By Mauldin Economics. Originally published at ValueWalk.
Inflation just keeps getting worse…
The cost of heating your home has doubled over the past year.
Want to take a summer vacation? That airfare will cost you 50% more than last year.
Whose fault is this?
It’s easy—and partially correct—to blame the US Government and the Fed. After all, they showered Americans with big stimulus checks and generous unemployment benefits, then held interest rates at zero.
But as I’ll show you in this essay… that’s an incomplete explanation.
The whole explanation is more important… and has to do with the quiet wrecking ball that’s battering the stock market.
US Dollar’s Purchasing Power
- Think $5 gas is bad?
Here in Ireland, gas prices just hit $8/gallon.
You see, devastating inflation isn’t just in America. It’s everywhere.
And inflation is worse in many countries than in the US.
That might sound hard to believe when you look at the US dollar’s purchasing power over time.
Look at this sad chart. It’s the US government’s own calculations of how much a dollar has been worth since 1980.
It’s been almost a straight line down for forty years.
Would you buy a stock if it had this chart? No chance.
- But at the exact same time… the “other” US dollar is rocketing higher!
It’s been a brutal few months for markets.
Stocks are having their worst start to a year since the 1930s. US government bonds are on track for their worst annual performance in over 200 years! Crypto has plunged.
But guess what’s hitting fresh 20-year highs?
The USD Index, which measures the US dollar against a basket of foreign currencies like the euro, Japanese yen, and British pound.
When this line is spiking, the US dollar is rapidly gaining value compared to other currencies.
At first glance, this is bizarre…
How can the dollars we spend daily be worth less than ever… while the USD Index soars to its highest levels since 2002?
It comes down to this: government currencies, including the dollar, are designed to lose value over time. When it comes to preserving your wealth, dollars are a horrible choice.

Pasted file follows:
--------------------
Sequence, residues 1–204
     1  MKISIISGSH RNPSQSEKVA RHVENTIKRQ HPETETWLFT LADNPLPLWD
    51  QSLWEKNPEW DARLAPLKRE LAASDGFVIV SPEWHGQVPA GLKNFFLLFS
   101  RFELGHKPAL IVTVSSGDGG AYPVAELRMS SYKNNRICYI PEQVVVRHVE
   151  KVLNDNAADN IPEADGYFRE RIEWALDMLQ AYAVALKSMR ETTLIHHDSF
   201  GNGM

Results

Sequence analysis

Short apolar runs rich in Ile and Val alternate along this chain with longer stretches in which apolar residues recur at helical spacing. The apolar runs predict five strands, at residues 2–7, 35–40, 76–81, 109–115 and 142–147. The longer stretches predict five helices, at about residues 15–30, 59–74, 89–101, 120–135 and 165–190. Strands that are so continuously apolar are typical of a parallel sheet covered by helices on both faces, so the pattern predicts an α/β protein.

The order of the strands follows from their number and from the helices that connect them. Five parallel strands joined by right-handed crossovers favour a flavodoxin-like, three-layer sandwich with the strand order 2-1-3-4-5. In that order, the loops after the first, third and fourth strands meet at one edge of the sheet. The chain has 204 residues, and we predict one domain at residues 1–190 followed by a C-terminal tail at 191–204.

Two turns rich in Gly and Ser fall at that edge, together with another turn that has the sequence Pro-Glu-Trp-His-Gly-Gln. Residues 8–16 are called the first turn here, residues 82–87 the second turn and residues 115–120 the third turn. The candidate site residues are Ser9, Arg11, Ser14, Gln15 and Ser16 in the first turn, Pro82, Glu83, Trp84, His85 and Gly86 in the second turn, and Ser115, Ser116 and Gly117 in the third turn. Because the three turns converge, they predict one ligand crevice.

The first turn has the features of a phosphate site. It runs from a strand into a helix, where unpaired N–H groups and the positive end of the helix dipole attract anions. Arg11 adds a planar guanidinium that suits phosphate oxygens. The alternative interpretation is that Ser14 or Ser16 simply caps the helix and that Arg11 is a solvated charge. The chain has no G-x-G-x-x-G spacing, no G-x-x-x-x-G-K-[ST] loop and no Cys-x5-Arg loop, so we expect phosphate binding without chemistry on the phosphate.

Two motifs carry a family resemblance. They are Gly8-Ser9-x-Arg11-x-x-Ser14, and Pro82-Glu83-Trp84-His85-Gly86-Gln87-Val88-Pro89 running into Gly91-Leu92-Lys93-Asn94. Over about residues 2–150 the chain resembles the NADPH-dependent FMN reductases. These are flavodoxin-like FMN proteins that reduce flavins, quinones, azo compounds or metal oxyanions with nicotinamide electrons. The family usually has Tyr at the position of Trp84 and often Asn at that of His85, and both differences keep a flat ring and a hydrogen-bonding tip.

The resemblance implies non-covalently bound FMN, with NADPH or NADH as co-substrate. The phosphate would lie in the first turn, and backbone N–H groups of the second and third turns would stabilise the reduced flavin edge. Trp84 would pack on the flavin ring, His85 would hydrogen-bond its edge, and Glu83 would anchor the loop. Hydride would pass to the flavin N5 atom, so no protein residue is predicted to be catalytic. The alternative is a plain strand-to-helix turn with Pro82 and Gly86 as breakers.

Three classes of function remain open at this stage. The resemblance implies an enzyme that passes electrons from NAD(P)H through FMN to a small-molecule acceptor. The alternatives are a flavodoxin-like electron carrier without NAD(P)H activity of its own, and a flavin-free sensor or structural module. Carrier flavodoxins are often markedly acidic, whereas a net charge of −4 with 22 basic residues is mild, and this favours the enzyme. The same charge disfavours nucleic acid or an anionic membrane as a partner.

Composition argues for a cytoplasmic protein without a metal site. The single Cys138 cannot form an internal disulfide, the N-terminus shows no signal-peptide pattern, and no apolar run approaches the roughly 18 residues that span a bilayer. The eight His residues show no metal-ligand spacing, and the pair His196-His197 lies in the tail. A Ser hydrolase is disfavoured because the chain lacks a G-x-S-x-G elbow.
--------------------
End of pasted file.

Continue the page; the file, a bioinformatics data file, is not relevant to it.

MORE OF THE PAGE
But all other currencies are even worse.
Although the dollar is falling in value, other currencies are falling even faster. So the USD Index is hitting multi-decade highs.
This might seem like nerdy macro “inside baseball” talk, but few things are more important than the strength of the USD index. A rising USD affects you, me, and every other investor in the world.
In fact, it’s driving much of the turbulence we’re seeing in markets right now.
- I call it the wrecking ball chart…
Each time the dollar spikes relative to other currencies, markets break.
Take another look at the USD Index over the past 25 years:
The dotcom bust… 2008… COVID…
It’s a “who’s who” of the worst market moments of the last 25 years.
And every single one was accompanied by a surging dollar.
Simply put, it’s tough for investors to make money when the dollar is surging past other currencies.
I could spend the next ten pages discussing why this is the case, but here are the cliff notes:
Just like your morning coffee and grocery bill is priced in dollars… so too is 90% of global trade.
Barrels of oil, copper wire, bars of gold, and tea leaves are all denominated in USD, no matter where they’re from.
When the dollar rises, it pushes up the cost of these items around the world. That means folks can afford less of them, which usually weighs on prices.
This is also true for financial assets like US stocks and crypto.
- What do Apple, McDonald’s, and Microsoft have in common?
S&P 500 companies get roughly 40% of their revenues from overseas. For example, Apple sells the iPhone across Europe. Folks pay in euros, and then Apple converts it back into USD.
When the dollar is on a tear, that revenue is worth less in dollar terms… which eats away at profits.
Apple, Facebook, Pfizer, Microsoft, McDonald’s, Salesforce, and a slew of other firms warned the strong dollar would cost them millions of dollars in lost profits this quarter.
- Watch the USD Index because it’s the wrecking ball chart…
Folks love to hate the dollar. We’ve been hearing about its flaws for decades.
But like it or not… the greenback is still the king of global currencies. We have to respect it. We have to understand it’s a lot harder to make money as an investor when the dollar is surging.
That’s why I’m watching for the strength in the dollar to ease up. That will likely be the first and most reliable sign that markets have found their footing and are close to bottoming out.
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Article By Stephen McBride, Mauldin Economics
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